The WWWF Championship became the WWF Championship in 1979, for marketing purposes. It would remain as such until May 2002, when the then-WWF was forced to change their name to WWE.
In June 1982, Vince McMahon Jr purchased the Capitol Wrestling Corporation (the parent company of the WWWF) from his father, Vince McMahon Sr. (They're not technically Junior and Senior, as they have different middle names, but calling them that makes things a lot easier).
McMahon Sr, was 68 years old at the time and accepted it was time to step down and hand over the reigns to his ambitious 36 year old son, who incorporated the WWWF into his parent company, Titan Sports. McMahon Sr would sadly pass away just two years later.
McMahon Jr had a very different vision for what WWE could be than that of his father. While McMahon Sr, despite his differences with the NWA, had largely respected regional boundaries, McMahon Jr saw the future of wrestling as cable television and sought to make the WWF the first truly national wrestling promotion.
When McMahon Jr took over the company, the clean cut babyface champion, Bob Backlund reigned as champion. The goody two shoes character was a hit at the box office, but was not a suitable figurehead for a national or international organization.
Backlund also lacked charisma and personality, two intangibles that McMahon Jr viewed as essential for his World Champion.
Therefore in late 1983, he made a call to Hulk Hogan.
Hogan was no stranger to the WWF, having worked for the company as a heel in 1979. In-between he had starred in the movie Rocky III. He worked for Verne Gagne's AWA promotion while also touring New Japan Pro Wrestling with Gagne's blessing.
The AWA paid Hogan handsomely for a limited schedule which offered him flexibility when he wished. Therefore McMahon Jr had to make him an offer he couldn't refuse. That offer was the WWE Championship in his first return match for the company.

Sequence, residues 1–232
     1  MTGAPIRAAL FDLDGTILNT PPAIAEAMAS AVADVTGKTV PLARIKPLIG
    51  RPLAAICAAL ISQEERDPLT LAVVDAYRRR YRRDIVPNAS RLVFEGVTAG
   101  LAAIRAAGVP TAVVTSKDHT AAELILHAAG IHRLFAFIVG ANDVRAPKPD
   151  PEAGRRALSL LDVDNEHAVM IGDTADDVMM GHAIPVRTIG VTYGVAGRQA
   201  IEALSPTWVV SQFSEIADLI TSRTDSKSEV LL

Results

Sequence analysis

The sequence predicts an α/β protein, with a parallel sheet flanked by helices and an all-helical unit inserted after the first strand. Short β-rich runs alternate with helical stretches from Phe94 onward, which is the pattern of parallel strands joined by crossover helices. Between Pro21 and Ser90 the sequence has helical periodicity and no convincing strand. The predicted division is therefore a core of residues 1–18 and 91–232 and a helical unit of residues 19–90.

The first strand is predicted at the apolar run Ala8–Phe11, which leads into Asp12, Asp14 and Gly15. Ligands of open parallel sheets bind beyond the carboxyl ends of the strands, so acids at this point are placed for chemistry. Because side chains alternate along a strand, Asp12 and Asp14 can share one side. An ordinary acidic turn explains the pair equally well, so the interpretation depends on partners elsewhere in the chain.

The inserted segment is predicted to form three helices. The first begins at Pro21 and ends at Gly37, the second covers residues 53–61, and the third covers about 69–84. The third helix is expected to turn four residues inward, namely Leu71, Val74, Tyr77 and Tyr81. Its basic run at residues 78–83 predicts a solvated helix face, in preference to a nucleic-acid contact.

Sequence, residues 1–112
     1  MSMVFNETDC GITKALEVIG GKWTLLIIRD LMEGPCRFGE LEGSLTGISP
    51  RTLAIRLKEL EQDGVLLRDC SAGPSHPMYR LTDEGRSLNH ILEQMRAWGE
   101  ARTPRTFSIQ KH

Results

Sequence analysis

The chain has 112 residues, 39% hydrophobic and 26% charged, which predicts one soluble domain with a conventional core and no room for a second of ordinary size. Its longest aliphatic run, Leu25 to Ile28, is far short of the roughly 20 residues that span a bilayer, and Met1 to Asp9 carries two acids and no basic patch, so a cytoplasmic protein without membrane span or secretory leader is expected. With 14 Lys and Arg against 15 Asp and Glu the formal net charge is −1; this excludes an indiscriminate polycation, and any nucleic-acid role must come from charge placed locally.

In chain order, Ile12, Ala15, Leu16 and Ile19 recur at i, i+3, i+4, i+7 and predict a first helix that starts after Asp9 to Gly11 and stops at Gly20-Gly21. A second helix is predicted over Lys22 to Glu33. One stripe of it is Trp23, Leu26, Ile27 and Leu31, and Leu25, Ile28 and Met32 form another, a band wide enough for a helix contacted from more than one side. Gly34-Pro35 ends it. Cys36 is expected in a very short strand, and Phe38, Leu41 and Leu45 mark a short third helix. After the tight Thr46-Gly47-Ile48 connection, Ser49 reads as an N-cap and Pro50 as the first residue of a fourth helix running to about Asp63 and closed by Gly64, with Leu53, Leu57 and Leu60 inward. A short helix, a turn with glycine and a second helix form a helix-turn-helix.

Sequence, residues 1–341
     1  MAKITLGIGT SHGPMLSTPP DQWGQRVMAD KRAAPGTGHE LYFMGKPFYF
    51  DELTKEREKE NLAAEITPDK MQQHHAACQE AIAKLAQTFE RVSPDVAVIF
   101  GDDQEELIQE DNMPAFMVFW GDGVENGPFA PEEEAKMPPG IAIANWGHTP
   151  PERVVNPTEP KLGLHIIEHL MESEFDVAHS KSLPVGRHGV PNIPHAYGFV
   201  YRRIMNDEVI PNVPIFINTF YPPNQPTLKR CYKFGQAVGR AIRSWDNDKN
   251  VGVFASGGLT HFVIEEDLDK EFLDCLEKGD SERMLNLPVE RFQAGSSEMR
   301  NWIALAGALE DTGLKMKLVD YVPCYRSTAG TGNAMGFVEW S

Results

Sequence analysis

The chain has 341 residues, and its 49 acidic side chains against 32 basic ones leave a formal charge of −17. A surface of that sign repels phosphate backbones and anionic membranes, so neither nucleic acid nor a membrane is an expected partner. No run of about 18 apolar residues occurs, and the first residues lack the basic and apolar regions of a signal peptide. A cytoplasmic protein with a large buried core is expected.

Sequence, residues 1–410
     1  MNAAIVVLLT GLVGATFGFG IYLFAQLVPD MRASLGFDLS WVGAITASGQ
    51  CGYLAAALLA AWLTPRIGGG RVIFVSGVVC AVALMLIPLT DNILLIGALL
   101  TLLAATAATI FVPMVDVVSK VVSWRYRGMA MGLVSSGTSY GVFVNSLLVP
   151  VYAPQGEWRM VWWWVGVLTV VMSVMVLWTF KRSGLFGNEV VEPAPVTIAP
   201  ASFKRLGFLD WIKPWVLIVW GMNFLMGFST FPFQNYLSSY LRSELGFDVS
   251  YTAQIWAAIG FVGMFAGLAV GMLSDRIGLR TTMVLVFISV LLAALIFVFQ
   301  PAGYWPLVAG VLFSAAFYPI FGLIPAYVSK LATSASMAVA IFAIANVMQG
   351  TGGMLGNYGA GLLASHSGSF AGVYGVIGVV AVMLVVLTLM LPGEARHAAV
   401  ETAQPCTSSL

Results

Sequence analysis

McMahon Jr not only purchased Hogan, he lured backstage interviewer, Gene Okerlund from the AWA as well, signalling the death knell for that promotion.
Hogan was installed as WWE Champion in January 1984 and the rest as they say is history.
In the second part of my series, part 1 can be found here, I will cover the reigns of Superstar Billy Graham through to Macho Man Randy Savage.
Superstar Billy Graham (April 30, 1977 - February 20, 1978)
It was actually Bob Backlund who had initially been recommended to Vince McMahon Sr as Sammartino's successor by the NWA boss, Sam Muchnick. However, both McMahon Sr and Muchnick felt the four year pro needed further seasoning as a wrestler before being given such a prominent spot.
That's where Graham fit in. Graham was chosen to act as a transitional champion much like Koloff and Stasiak had been earlier in the decade (see part 1 when you're done here), but the transition was to take place over a much longer period to give Backlund time to develop appropriately for the spot.
When McMahon Sr booked Graham to win the strap, he already knew the date he would lose it. In the intervening 296 days, Graham was a revelation as champion.
If he had not been a heel, he may well have been Sammartino's long term successor. Graham was the full package; he possessed boatloads of charisma, with his Mohammad Ali inspired rhyming promos, incredible physique and eye catching tie dye ring gear, making him a box office success.